• Lechon manok - spit-roasted chicken dish made with chicken marinated in a mixture of garlic, bay leaf, onion, black pepper, soy sauce, and patis (fish sauce). The marinade may also be sweetened with muscovado or brown sugar. It is stuffed with tanglad (lemongrass) and roasted over charcoal. It is typically eaten dipped in a toyomansi or silimansi mixture of soy sauce, calamansi, and labuyo chilis. It is paired with white rice or puso and commonly served with atchara pickles as a side dish. It is a very popular dish in the Philippines and is readily available at roadside restaurants.[15]
  • Satti - are usually grilled beef or chicken served on skewers from Mindanao. It is related to the satay and sate of Indonesia and Malaysia. They are usually eaten with rice cooked in coconut leaves (ta'mu (pusô in other Philippine languages) and a bowlful of warm sauce which is usually peanut-based.[6][10]
  • Isaw - a type of very cheap skewered inihaw made from pig or chicken intestines. They are cooked and eaten in the same way as meat inihaw.[16] Other types of offal-based inihaw are also eaten, usually with funny names. They include "walkman" (pig's ears), "betamax" (cubes of pork blood), "helmet" (chicken head), and "adidas" (chicken feet).[1]

See also


  1. Macatulad, JB. "4 Things to Know About Street Food in the Philippines". World Nomads. Retrieved 13 December 2020.
  2. "Sinugba". Eat Your World. Retrieved 13 December 2020.
  3. "10 Best Filipino Inihaw Recipes – Must Try!!". Panlasang Pinoy Recipes. Retrieved 13 December 2020.
  4. Salcedo-Sillesa, Yolanda. "Chicken Inasal à la JT's : Bacolod-Style Grilled Chicken Recipe". Havenhill Cuisine. Retrieved 13 December 2020.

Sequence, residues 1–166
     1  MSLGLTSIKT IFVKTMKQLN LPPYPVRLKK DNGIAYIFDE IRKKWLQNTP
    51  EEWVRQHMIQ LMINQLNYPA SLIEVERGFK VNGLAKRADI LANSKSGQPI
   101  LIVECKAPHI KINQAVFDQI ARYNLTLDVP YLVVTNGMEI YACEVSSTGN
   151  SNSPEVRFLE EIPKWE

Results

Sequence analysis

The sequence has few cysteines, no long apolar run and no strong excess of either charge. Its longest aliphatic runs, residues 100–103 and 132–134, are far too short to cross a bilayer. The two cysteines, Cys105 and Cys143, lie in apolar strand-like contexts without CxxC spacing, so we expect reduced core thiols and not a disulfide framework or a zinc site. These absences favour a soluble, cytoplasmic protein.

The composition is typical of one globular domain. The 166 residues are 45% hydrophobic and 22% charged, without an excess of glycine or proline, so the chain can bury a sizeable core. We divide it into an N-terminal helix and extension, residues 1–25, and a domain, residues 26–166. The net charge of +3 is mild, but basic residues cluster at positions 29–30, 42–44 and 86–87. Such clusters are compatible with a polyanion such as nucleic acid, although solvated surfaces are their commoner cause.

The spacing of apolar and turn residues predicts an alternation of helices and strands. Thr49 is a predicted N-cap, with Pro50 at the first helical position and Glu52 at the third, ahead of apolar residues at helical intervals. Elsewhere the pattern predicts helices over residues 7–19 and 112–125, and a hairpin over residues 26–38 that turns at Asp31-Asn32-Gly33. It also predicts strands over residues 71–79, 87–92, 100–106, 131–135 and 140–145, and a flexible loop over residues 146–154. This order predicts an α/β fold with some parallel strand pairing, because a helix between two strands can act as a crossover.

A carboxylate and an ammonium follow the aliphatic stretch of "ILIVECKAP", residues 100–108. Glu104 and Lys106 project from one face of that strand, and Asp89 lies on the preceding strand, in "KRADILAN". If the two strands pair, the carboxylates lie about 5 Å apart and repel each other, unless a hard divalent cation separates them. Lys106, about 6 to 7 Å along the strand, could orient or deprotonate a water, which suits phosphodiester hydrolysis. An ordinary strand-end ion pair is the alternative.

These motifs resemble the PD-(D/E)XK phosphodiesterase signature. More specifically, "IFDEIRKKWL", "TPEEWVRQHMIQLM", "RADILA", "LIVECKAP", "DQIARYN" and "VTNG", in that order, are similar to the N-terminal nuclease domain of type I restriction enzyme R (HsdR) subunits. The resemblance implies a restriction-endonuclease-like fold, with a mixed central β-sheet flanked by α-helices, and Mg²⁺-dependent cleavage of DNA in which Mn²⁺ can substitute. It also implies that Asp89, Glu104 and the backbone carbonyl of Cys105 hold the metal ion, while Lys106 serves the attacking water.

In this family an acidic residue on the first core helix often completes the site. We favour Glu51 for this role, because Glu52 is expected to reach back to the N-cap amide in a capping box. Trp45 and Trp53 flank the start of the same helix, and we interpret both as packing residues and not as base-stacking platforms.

5. Ellen Brown (14 June 2016). "Smart Cooking: Philippine cuisine shaped by many influences". Providence Journal. Archived from the original on 8 February 2017. Retrieved 8 February 2017.
  6. Jimenez, Gidget (2015). All About the Philippines: Stories, Songs, Crafts and Games for Kids. Tuttle Publishing. p. 59. ISBN 9781462917259. Archived from the original on 9 June 2020. Retrieved 5 September 2016.
  7. Raichlen, Steven. "Filipino Satti". Barbeuce! Bible. Archived from the original on 2 January 2017. Retrieved 5 September 2016.
  8. "Inihaw na Manok". Eat Your World. Retrieved 13 December 2020.
  9. "The Happy Home Cook: Inihaw na Baboy (Grilled Pork)". Positively Filipino. Retrieved 13 December 2020.
  10. "Unique Flavors of Western Mindanao: Satti". Archived from the original on 17 December 2014. Retrieved 15 January 2015.
  11. Edgar Soon (2009). Pairing Wine with Asian Food. Monsoon Books. ISBN 9789814358941. Archived from the original on 9 June 2020. Retrieved 9 June 2020.
  12. "Sinuglaw". Panlasang Pinoy. Retrieved 24 September 2019.
  13. "Sinugba at Kinilaw". Lutong Bahay. Retrieved 13 December 2020.
  14. "Manokan Country". Unofficial Guide, Philippines. Retrieved March 22, 2018.
  15. Santos, Rachelle (17 September 2014). "Lechon Manok". Retrieved 20 January 2019.
  16. Office of the Vice Chancellor for Research and Development (1999). "The Perils of Isaw and Fishballs". Research Folio. University of the Philippines Diliman. Retrieved 2009-10-20.